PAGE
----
Similar to Bulgaria greenhouse projects also exist in Macedonia (i.e. Istibanja/ Vinica or Kocani/ Podlog). Romania uses about 96 geothermal wells with 35 being used exclusively for balneology.
In Sweden governmental subsidies were provided between 1981 and 1991 for installations in single and multifamily houses. These were loans, cash contributions, and income tax reductions. The subsidies triggered the heat pumps sales to increase.
The legislative and regulatory framework for geothermal energy is very diverse within the EU member states, and in some cases is a real barrier to geothermal energy use. There are countries with barriers of fiscal nature (i.e. mining royalty, sewage penalty, groundwater use fee, environmental tax). Challenges include for example royalties e.g. in France, Hungary, Poland, Romania. Geothermal resources often are subject to Mining Law whereas the production of geothermal fluids from the shallow subsurface is generally regulated by Water use legislation.
Heat supply from geothermal energy in Europe is primarily done by using hot water from aquifers. Shallow geothermal also supports the use of solar energy for heating, through underground storage of solar heat from summertime until its use in winter, and offers many other opportunities of long-term thermal energy storage.
IGA representatives attended the climate summit in Paris. What conclusions have been made and what is the role of geothermal energy in the context of climate change?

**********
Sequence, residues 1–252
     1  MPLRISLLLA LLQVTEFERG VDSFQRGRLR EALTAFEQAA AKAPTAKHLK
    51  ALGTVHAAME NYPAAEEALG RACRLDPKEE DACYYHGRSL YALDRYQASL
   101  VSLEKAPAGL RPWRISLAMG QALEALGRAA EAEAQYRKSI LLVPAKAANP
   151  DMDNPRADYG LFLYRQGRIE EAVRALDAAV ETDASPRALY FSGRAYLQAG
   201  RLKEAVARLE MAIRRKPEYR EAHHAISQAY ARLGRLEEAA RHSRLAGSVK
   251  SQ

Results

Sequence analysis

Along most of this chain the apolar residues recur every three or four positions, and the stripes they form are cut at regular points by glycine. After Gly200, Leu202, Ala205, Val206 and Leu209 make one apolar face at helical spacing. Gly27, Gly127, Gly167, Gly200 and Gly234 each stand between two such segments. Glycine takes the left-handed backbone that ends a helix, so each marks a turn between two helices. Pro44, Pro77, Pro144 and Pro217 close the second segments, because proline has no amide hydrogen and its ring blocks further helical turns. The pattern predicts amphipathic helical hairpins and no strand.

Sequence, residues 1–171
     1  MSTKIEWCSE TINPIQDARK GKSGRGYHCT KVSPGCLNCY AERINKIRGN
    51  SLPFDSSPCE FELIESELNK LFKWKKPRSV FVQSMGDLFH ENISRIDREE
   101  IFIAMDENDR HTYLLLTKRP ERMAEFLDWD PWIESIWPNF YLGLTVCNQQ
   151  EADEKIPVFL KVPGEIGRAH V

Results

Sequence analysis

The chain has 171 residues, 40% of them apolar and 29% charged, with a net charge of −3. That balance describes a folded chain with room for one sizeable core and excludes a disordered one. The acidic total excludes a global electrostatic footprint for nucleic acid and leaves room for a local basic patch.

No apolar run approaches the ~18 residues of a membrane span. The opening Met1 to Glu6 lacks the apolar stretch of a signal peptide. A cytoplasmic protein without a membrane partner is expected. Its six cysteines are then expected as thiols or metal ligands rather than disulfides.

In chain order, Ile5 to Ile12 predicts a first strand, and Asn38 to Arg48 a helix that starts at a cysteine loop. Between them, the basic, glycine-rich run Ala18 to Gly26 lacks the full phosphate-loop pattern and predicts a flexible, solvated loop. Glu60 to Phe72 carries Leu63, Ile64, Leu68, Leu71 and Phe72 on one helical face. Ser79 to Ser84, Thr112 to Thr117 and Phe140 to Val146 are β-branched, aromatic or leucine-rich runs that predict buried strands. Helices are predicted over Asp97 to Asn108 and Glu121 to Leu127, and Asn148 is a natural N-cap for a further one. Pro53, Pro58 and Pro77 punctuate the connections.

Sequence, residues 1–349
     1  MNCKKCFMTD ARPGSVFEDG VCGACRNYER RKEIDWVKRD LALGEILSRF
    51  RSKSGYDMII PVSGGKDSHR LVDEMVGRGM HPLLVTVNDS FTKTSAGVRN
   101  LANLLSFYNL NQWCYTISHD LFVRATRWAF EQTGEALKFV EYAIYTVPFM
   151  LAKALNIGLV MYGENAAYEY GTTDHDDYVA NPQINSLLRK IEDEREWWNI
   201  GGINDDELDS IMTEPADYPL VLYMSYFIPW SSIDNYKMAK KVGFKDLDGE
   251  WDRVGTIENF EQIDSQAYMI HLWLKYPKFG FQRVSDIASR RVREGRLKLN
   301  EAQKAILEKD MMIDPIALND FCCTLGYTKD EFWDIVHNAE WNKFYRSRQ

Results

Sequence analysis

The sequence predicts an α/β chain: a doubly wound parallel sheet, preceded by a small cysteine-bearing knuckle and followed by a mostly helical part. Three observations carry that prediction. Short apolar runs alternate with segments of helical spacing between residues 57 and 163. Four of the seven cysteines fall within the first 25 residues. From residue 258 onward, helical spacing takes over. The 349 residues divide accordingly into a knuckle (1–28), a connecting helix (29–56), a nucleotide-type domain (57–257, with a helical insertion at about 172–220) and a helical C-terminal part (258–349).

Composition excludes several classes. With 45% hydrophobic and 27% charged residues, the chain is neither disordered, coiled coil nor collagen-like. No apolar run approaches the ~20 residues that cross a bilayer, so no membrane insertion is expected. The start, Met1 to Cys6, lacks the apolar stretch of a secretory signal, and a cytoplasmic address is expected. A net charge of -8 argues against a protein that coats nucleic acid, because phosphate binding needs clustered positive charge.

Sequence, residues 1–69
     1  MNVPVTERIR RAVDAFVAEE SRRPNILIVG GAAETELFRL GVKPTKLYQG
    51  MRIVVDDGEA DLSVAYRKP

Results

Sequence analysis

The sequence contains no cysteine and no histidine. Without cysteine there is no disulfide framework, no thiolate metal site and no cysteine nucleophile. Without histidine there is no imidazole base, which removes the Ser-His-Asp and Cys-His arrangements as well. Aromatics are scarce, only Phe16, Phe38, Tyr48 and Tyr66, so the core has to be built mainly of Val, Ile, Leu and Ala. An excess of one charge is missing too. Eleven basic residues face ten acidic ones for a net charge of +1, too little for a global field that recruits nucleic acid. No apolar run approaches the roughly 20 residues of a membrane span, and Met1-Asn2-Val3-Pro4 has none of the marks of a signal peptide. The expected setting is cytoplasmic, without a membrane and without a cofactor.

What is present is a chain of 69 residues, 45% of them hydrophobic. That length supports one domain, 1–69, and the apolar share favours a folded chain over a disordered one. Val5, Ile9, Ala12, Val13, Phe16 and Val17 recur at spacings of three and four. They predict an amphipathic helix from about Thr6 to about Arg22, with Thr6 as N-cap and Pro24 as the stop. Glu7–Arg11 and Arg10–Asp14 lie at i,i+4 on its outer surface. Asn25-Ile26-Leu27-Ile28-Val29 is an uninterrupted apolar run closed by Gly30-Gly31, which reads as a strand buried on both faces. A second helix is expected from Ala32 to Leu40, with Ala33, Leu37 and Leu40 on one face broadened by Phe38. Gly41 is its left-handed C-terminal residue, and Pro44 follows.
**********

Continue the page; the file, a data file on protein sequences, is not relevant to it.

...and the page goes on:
The COP21 clearly showed that transitioning rapidly to a future fueled by renewable energy is the most effective way to decarbonize economies. Countries representing more than 90% of the global economy submitted pledges (Intended Nationally Determined Contributions) to the UNFCCC Secretariat prior to the COP, demonstrating their intention to reduce their national emissions. Most position papers on nationally determined contributions announced the increased use of renewable energy technologies.
The COP also showed that strategic technology focused alliances or North-South/ South-South alliances can help to overcome technical, financial and other barriers. On 7 December 2015 the Energy Day was celebrated in Paris. In the morning, the IRENA Director General and the President of Iceland officially launched the IRENA Global Geothermal Alliance. Shortly afterwards, the REN Alliance session showcased practical case studies from around the world how renewables can work together. The IGA collaborates with the REN Alliance and the Global Geothermal Alliance and thereby aims to address policy and investment challenges in order to rapidly expand geothermal resource use. Both events clearly show that the voice of geothermal is being brought to the attention of UN decision makers, ministers and the wider community. Geothermal energy plays an important role in the energy transition due to its diverse uses for heating/ cooling, electricity generation, agricultural drying processes, balneology, etc.
Various COP21 events at the Nordic Pavilion on geothermal use in Iceland, East Africa and elsewhere showed the importance of geothermal energy. Countries like Iceland with its impressive geothermal and hydro resources and the island El Hierro (Canary Island) with wind and hydro resources showcase how 100% renewable energy systems operate successfully.